Electronic Music Audio Mixing for Beginners part 1: (channels, frequency and equalization) | Donny Yi George | Skillshare

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Electronic Music Audio Mixing for Beginners part 1: (channels, frequency and equalization)

teacher avatar Donny Yi George, artist, musician, designer

Watch this class and thousands more

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Taught by industry leaders & working professionals
Topics include illustration, design, photography, and more

Watch this class and thousands more

Get unlimited access to every class
Taught by industry leaders & working professionals
Topics include illustration, design, photography, and more

Lessons in This Class

    • 1.



    • 2.

      LMMS Refresher


    • 3.

      Headphones and monitors


    • 4.

      Elements of the mix


    • 5.

      Mixer channels


    • 6.

      Volume and Panning


    • 7.

      EQ and Frequencies


    • 8.

      Subtractive EQ


    • 9.

      Additive EQ


    • 10.

      Adjustments and versions


    • 11.

      Outro and About me


    • 12.

      Full mix process (no voiceover)


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About This Class

In this class you will begin to learn how to mix a track. We'll cover topics such as panning and stereo field, frequency ranges and EQing techniques.

This class is intended for people new to music production and mixing. We will be using a free open source Digital Audio Workstation, so anyone can follow along.

The topics covered also apply to audio mixing generally, in other DAWs and for other genres of music or other audio applications such as for video games or video.

All you really need is a computer, though a good pair of headphones or speakers is recommended. We will discuss studio headphones and (monitor) speakers in a separate lesson.

Ideally you'll have completed the previous two classes and have a track that has been arranged and is ready to be mixed. If not that’s ok, because I have provided an original track that you can follow along with.


After you complete this class, you can continue to the final class in this series
Audio Mixing for Electronic Music part 2: Mastering
where we put polish and put the finish touches on your track!


Learn the entire process of creating your own tracks with the Electronic Music Production for Beginners series of classes:

  1. Electronic Music Production for Beginners
  2. Electronic Music Production II: Track Arrangement
  3. Electronic Music Audio Mixing for Beginners part 1: (channels, frequency and equalization)
  4. Audio Mixing for Electronic Music part 2: Mastering

Meet Your Teacher

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Donny Yi George

artist, musician, designer


Hi, I'm Donny.

Hope everyone is doing good.

I like to make art, comics, design and music. I have a masters degree in Illustration and studied mixing / mastering at Dubspot electronic music school. I've been making comics, zines and been involved in the underground music scene for almost 20 years now too.

I also worked professionally for many years as a graphic designer / artist mostly at newspapers, including the Wall St. Journal. 

I love being creative and making stuff. I love people. I love learning.


my art




my music




graphic design

http... See full profile

Level: Beginner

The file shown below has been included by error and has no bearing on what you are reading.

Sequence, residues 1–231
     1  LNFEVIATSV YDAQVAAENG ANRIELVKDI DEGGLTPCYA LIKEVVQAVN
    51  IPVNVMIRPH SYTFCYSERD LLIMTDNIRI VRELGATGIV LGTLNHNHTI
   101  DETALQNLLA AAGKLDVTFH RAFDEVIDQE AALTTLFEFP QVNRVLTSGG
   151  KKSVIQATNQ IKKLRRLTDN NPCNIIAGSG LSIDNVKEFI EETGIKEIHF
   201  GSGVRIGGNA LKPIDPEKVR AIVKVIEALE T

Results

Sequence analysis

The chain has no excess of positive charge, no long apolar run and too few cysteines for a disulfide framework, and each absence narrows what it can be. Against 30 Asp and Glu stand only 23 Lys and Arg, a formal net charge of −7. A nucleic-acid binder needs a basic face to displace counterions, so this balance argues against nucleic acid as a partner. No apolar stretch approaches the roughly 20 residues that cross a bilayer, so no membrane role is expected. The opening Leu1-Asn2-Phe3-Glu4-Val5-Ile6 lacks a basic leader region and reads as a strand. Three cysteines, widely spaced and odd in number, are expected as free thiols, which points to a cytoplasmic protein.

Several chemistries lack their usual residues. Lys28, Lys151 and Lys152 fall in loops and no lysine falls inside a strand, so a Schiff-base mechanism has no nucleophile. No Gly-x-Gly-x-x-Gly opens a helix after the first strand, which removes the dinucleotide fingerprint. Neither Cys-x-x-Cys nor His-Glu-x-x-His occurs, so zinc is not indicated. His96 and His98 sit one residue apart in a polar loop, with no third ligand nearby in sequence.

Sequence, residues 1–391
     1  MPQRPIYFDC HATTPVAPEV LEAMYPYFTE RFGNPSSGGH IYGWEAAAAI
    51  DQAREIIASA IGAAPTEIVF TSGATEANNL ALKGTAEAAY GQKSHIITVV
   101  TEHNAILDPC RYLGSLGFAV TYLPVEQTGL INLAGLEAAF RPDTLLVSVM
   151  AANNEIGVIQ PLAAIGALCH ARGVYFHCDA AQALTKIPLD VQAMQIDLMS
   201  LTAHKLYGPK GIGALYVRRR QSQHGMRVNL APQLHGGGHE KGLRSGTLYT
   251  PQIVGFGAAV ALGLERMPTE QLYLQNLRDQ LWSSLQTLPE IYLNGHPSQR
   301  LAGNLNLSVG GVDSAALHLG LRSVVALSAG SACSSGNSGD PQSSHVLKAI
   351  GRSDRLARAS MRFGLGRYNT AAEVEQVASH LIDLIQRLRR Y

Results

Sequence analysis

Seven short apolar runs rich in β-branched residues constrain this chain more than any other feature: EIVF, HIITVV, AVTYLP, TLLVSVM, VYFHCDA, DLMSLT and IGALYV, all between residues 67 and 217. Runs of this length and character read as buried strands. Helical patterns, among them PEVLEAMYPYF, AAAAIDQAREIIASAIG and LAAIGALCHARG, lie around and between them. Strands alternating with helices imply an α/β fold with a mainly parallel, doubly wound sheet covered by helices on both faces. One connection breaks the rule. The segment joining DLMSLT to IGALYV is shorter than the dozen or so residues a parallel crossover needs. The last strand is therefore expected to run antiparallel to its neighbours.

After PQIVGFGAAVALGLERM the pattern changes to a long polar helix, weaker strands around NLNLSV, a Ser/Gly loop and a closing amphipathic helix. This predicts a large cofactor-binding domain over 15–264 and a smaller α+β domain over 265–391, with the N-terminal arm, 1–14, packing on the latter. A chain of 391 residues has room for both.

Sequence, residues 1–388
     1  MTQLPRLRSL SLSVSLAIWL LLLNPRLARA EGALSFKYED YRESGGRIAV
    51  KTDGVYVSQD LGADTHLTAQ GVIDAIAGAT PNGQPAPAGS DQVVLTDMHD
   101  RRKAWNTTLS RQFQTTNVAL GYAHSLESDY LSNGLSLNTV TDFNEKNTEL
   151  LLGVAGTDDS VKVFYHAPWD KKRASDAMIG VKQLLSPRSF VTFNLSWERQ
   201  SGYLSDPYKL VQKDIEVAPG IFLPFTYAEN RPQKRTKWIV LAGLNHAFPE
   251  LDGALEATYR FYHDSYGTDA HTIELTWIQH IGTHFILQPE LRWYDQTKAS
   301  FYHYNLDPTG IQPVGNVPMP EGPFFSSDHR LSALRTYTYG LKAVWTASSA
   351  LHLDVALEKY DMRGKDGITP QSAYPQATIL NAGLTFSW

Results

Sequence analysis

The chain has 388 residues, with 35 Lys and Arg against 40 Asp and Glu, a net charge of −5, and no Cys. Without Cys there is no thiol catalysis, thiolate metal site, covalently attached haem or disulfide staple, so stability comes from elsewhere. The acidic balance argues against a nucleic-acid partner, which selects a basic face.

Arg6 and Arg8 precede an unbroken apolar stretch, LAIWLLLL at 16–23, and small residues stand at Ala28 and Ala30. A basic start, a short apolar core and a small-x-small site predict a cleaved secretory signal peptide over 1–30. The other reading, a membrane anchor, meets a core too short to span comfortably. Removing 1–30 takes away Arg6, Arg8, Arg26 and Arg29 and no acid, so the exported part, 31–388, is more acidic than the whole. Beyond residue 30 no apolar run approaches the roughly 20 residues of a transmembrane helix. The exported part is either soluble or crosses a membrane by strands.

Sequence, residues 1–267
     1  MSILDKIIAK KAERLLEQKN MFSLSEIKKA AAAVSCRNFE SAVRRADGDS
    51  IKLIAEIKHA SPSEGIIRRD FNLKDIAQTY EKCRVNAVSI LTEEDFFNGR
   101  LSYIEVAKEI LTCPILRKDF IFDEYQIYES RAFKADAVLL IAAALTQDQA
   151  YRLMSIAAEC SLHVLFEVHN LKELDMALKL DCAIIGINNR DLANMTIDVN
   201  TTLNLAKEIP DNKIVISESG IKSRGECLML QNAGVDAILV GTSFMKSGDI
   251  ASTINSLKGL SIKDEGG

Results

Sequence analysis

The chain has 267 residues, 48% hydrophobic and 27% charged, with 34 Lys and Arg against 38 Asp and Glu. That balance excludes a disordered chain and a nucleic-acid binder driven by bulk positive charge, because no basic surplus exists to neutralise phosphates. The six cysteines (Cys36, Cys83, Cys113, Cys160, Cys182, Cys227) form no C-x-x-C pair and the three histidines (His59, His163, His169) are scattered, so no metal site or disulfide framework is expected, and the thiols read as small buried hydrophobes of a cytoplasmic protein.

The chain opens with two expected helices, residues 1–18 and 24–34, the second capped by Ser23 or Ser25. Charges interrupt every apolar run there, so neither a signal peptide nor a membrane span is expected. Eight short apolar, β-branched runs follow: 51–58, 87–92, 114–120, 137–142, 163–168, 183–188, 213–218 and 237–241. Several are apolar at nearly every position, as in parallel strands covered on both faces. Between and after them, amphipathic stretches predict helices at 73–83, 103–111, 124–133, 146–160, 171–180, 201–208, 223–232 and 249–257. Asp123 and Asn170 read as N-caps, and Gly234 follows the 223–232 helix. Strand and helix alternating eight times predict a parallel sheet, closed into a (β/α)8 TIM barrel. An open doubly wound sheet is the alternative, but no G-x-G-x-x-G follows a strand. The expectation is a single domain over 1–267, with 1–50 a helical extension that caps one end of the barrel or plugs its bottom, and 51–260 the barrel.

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1. Intro: Hello and welcome to Part 1 of electronic music, audio mixing for beginners. Channels, frequency and equalization. This is the third class and my series electronic music production for beginners, where we use a free, open-source and digital audio workstation and take you through the entire process of creating an original track. In this class, you'll begin to learn how to mix a track covering topics such as panning and stereo field, frequency ranges and EQ and techniques. What is mixing you may ask? It is basically we take all the separate sounds and retract and unified your balance and sculpt the sounds using various filters and effects to achieve a mix down. Hopefully you've taken the previous classes and have an original track ready to go. If not, that's okay. I provide an original track you can use to follow along. We'll be covering a lot of principles of audio that can apply to mixing in any situation. Using any software or hardware. For applications such as mixing audio for a film or video games. All you really need is a computer. So a good pair of studio headphones or see your monitors is recommended. We will discuss studio monitors and see your headphones in a later lesson. So let's get started. 2. LMMS Refresher: This lesson will be a quick review of LMS. Lms is a free, open-source, beginner to mid-level digital audio workstation available for Mac, Windows and Linux. Similar in my opinion to FL Studio and download LMS. Lms dot io. Website has documentation as well as an impressive showcase of tracks made with L MMS. In this class, we will be focusing on three parts, the song editor, the beat and baseline editor, and effects mixer. You can close any other windows for now. The song editor is where we arranged song segment. Each track contained instruments and the patterns and notes associated with the sound or beat patterns. To be baseline editor is like a drum machine where loops and beat patterns can be created. Ampex mixer will be where we do most of our mixing. Here we have channels that can be assigned to various instrument tracks to which we can add effects in group in various ways. 3. Headphones and monitors: For audio mixing, it is best to have a pair of studio headphones and or studio monitors. Studio monitors, our speakers specifically designed for audio production. These are important because they allow you to hear accurately with full frequency range and pick up details all the audio. You can get away with using laptop speakers or computer speakers or consumer headphones. But your mixes may not be great because they may distort the sound. Or you may not be able to hear some sounds. Though there is something to be said for listening and testing your mixes on consumer equipment or your car speakers, even because that is what most people will be using to listen to your music. Anyways, personally, I only use studio headphones. I live in an apartment in making noise is a problem. It's not ideal. But sometimes you have to make the best of your situation. I use a pair of sanitizer HD 600 headphones. They have a clean, detailed sound. They came recommended to me and have really elevated my listening experience. However, there are lots of options and opinions of RStudio gear. So research and find something suitable for your needs. If you can try out different headphones in a studio monitors. And notice how the same track sounds different on each device. If you don't have studio monitors or headphones, just use what you do have. This is a beginning class. After all, you'll still be able to work on your mics and you'll learn what to listen for. 4. Elements of the mix: In this lesson, we will be in LMS soloing elements of our mix. My hard drive crashed and the track I was working on in the previous classes was lost. So I made a new one. This is a drum and bass track that is pretty minimal. And it has three main parts. The drums, arpeggiated keys, and a gritty base. And the song editor, I'm using the Solo button to isolate each specific track. In the beat baseline editor, I have a kick. After I solo the kick, I can use the mute unmute button to add each sound back in. And the snare. Open hat, enclosed hats. Here. And the FX mixers, we have the master channel, which controls the overall volume for the track. Generally, you don't want to adjust the volume on the master channel. But for demonstration, I'll decrease and increase the volume. Notice the bar, which is the current volume level, and the little line above it, which shows a short-term PPI or maximum loudness level. If I increase the volume, you'll see a become yellow and red. Yellow meaning is high and red meaning it's too loud. And we'll click into storage. For now, double-click the theater on the master channel. Instead it back to 100% 5. Mixer channels: Now we will set up channels for each of our sounds in the FX mixer will start with the drum. And the epics mixer click the plus five times to add five channels, one for each sound and one for the drums as a group. Then rename each channel by double-clicking on the text. Kick. Snare, open hat. Close the channel, drums, bass line editor, click the cog next to each sound, set it to the matching FX channel. You can also click on the sample name in the editor and in the audio file processor pop-up, check and set the FX Mixer Channel. Back in the FX mixer to set up the drum scanner, select the kick channel, and you'll see it highlighted. Then you click the Send button on the drums channel. The send button on the drums here, and I will turn green. And you'll see a green knob lower, which is the signal strength of the sand. You are now sending the signal of the kick channel to drums channel. You'll also see the Send button active on the master channel. You want to click that button to deactivate the center, the master channel. You don't want it sending to boat. Instead, the kick will be sending to the John Channel 4, then send to the master. Now do the same thing for the snare, open and closed hat. Now you have a channel for each drum sound and the drums as a whole. Click the plus two more times to create two additional channels. Name these channels keys in base. Now in the song editor, click the COG next to the other non-drug instruments and select the matching effects channel. You can also click on the ascent and set the epics channel in the pop-up. If you hit Play, you should now be able to see the volume on each channel. There are also buttons here to solo and mute and unmute. And when you're done, save a new version. 6. Volume and Panning: Now that we have our FX mixer setup, we can start adjusting the volume for each channel. You may notice that I've already made some adjustments to the volume on the tracks in the song editor and beat baseline editor. These adjustments were made during the composition process. We will find tune them now while we adjust the volume, we will also be making adjustments to the painting, which is where in the stereo field a sound is, that is, is the sound coming more out of the left or the right side? First, we need to loop a section of the track that is allowed US and has the most sounds playing at the same time. So press Shift and right-click to set the beginning of the loop. And just right-click to set the end of the loop. Press the loop button in the toolbar. You'll see the loop turn green. Now we can press Play and it will loop. Setting volumes is specific to each track and the sound you want. Well, first, I like to pay in the Hat because it may sound louder after I paint. And in the beat baseline editor, I'll pan the open-air little to write. And to balance that, I'll panda close head a little to the left. Now we already added some interest in sense of space to the mix. Next, I'll bring the house down just a little. Sometimes when I'm mixing, I find it helpful to close my eyes to help them focus on the sound. You'll roll, make sounds pretty good. And on the master channel I have it peaking in the red. I'm going to bring the levels of the drums keys Embase all down. I could adjust each channel individually, but it might be easier, just set up a separate niche channel and send everything to that before it goes to the master channel. So click the Plus named channel mix bus. Then select the drunks channel. Send button on the mix bus and deactivate the send button on the master channel. Repeat this pretty keys in these channels. Now you can lower the mix bus channel so you don't see any peaking in the red on the master. 7. EQ and Frequencies: Eq stands for equalizer, which is an audio filter that isolates and adjust the volume of specific frequencies of sound. Frequency is the pitch of a sound. It is measured in hertz. Different instruments make sounds in specific frequency ranges. To observe this, in the FX mixer, select the master channel. And in the right section, click Add effect and search for spectrum, and select the spectrum analyzer. What this shows you is the volume of a sound measured in decibels on the y-axis and the frequency on the x-axis. If you press Play, you will notice that the whole track lighter, though predominantly in the 40 through one k range. Because this track is really bass heavy, other tracks may look different. Now click the little mute unmute button on all the channels, except for the master drums and bass mix. Now we can listen to each instrument individually and see what its frequency ranges. The kick is around 60 hertz. With some high-end in the 300k range. The snare is mostly in the one k. For k range. The open hat is for K to 10 K. The clothes hat has a lot of strength around 15 k, but they're going down to 2k and a bit around 300 hertz. The keys are mostly between 400 and one k, and the base is 40 to 200 hertz. So what we wanted to do with equalization is based on this information. We will sculpt the frequency range of each sound. Let's take to purchase additive and subtractive EQ. 8. Subtractive EQ: First we'll do subtractive E queuing to clean up certain tracks will be reducing certain frequencies. Unmute this snare. And notice in the spectrum analyzer, it's a little bump in 20 hertz range. Let's get rid of that. On the right, click the Add Effect button and find the LMS equalizer. This is called a parametric equalizer. If this is your first time seeing an EQ, don't feel overwhelmed. It's basically one set of functions repeated multiple times with slight variation. The top part is a graph like the spectrum analyzer. The bottom part has columns per separate filters. For now we only need Filter1. Click on the one to activate it. This is called a high pass filter. And as the name suggests, it let higher frequencies pass filters out lower frequencies. First click the 40 ADB, increases the precision of the filter. The line in the graph shows the filter. Notice the slope changes as I switch from 12 to 24 to 48 dB. I just did Frequency knob or double-click to get about 80 hertz. Now that little bit of low end is gone. Notice also the two different colored waves. The darker blue is the before filtering in the lighter blue is after. We have the same problem with the clothes hats. So let's do the same thing. Select the clothes hats channel and effect. Here we will use the high-pass filter again and filter some of the low end. Play around with the frequency until you get something that sounds good to you. I'd like to keep a little bit of that low end. So I'll set it at 500 hertz. You can double-click the faders a knob to input precise numbers. On the kick. I like to filter out there very lowest frequencies, the Sundays, so that it doesn't interfere with the sub bass from the base. And this is also the reason we filtered out the lower frequencies of the snare and closed hat. We'd like a resound to have its own space in the mix. When multiple sounds are in the same frequency range, that makes me sound muddy and unclear. It's especially more of a problem in the lower frequencies than in the higher frequency. I set the high-pass filter to 48 dB and 40 hertz. You can turn the filter off and on to hear the changes you've made. In some genres of electronic music like house music, that kick emphasizes that the sub bass and lower frequencies and base, since maybe in the higher frequency ranges, there are many ways to EQ. So here we use subtractive each queuing for artistic purposes to get things that sound how we want them to. And also for more technical reasons, to keep our mix sound and clear. 9. Additive EQ: Now we'll do a little additive eat hearing where we boost certain frequency ranges. I like to have a little high end on the kick since we are cutting the low end, go to Filter five. This is a peak filter and target specific frequency ranges. Raise a level, then adjust the frequency and you hear how it sounds. You can also adjust the bandwidth to get more or less concentrated control. I think it sounds good at 300k with the three dB boost. And speaking of base, Let's add an EQ to the base. Filter 2 is a selfie q and is set to raise or lower frequencies below it. One last change will be adding a little bit of emphasis to the snare. I'm going to add another equalizer to this narrow channel. It's a common thing to layer multiple ETUs. You could also use multiple filters on the same me here. By using a PI filter and boosting a little around 1600, the snared, given a little more emphasis, that lets it cut through the mix. So about 20 decibels around 1600 works for me. Feel free to make any other adjustments you like. Doing its parts. Eyes in part are. So play around and see if that sound like. 10. Adjustments and versions: Now that we've set up the E queuing and panning, we can go back in and bounce a level somewhere. Finally, sounds good to you and emphasize in de-emphasize different elements. You can also create different versions of your mix. To here I'm going to push the base even more in this version. And another way of adjusting the EQ is by grabbing the point in the graph and moving it about. I'll save this as a base mix and then export the mix to a WAV file. Since this is an intermediate mix cell, it is 16-bit, will use 24 bit for the final mixdown. Also save the original mix and export it to. 11. Outro and About me: And that's the end of Part 1 of electronic music, audio mixing for beginners. The project for this class is to work on a mix. Please present a before and after of your mix using the techniques we studied in this class. If you'd like, you can present different versions of your mix where you try different approaches. You should be able to hear the difference and the before and after. You'll also be able to start using the mix as an expressive, artistic tool in addition to providing polish to your tracks. And then next class, we will finish the mix and go over topics such as three verb, compression, limiting and metering. So thank you so much for taking this class and I'll see you next time a little bit about me. I've been producing and releasing my own music under the name depth death. Danny George. Parts available on most streaming platforms such as Spotify and Apple Music and Amazon. And it's also available for sale on Juno download and Bandcamp. I studied mixing and mastering get splat electronic music school in New York City. And I've also learned a lot through reading, watching videos and classes like this. I think it's cool that you can make your own music in, although there's a little bit of a learning curve at first, it's not really that hard to get started. So I hope you enjoyed this class and other classes, and I look forward to listen to your music. 12. Full mix process (no voiceover): It